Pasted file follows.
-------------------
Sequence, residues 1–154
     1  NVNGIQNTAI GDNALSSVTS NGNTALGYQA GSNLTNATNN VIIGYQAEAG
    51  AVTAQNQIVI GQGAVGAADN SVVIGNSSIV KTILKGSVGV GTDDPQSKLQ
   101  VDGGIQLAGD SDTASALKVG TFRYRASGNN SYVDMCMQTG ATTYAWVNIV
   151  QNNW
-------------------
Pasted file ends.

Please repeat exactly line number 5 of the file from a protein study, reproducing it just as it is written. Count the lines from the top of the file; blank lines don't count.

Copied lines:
   151  QNNW